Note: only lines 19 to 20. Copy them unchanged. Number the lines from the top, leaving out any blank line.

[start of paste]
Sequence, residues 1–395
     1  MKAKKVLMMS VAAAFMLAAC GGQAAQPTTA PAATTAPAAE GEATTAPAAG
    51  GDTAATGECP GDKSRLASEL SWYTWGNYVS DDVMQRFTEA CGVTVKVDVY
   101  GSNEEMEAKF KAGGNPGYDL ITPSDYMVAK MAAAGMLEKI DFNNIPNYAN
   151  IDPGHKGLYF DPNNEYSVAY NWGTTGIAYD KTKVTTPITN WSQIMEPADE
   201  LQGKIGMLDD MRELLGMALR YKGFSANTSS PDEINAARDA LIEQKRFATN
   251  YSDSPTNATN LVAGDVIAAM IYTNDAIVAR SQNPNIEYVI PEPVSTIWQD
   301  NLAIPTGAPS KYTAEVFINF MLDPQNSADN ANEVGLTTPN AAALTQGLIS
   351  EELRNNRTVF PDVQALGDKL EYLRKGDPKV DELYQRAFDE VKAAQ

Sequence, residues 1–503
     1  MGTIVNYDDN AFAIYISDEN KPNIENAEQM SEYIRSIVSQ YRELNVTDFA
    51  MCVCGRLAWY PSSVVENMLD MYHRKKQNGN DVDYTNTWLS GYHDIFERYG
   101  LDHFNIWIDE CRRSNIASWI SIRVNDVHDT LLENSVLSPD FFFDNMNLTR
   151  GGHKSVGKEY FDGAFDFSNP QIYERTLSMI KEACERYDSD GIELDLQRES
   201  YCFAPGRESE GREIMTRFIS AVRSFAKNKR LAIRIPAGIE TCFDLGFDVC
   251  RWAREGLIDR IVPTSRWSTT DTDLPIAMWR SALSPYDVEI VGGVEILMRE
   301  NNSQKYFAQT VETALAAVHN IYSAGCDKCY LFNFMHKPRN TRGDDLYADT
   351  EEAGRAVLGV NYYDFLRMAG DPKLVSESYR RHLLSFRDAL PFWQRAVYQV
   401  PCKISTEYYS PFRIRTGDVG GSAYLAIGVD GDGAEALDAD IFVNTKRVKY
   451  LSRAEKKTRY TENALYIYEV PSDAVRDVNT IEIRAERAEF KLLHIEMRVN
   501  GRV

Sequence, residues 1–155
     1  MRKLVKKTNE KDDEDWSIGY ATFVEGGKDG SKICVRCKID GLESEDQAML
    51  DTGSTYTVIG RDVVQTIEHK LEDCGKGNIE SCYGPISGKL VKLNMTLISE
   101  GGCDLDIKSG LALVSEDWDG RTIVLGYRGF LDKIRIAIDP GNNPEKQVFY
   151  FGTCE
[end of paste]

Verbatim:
   401  PCKISTEYYS PFRIRTGDVG GSAYLAIGVD GDGAEALDAD IFVNTKRVKY
   451  LSRAEKKTRY TENALYIYEV PSDAVRDVNT IEIRAERAEF KLLHIEMRVN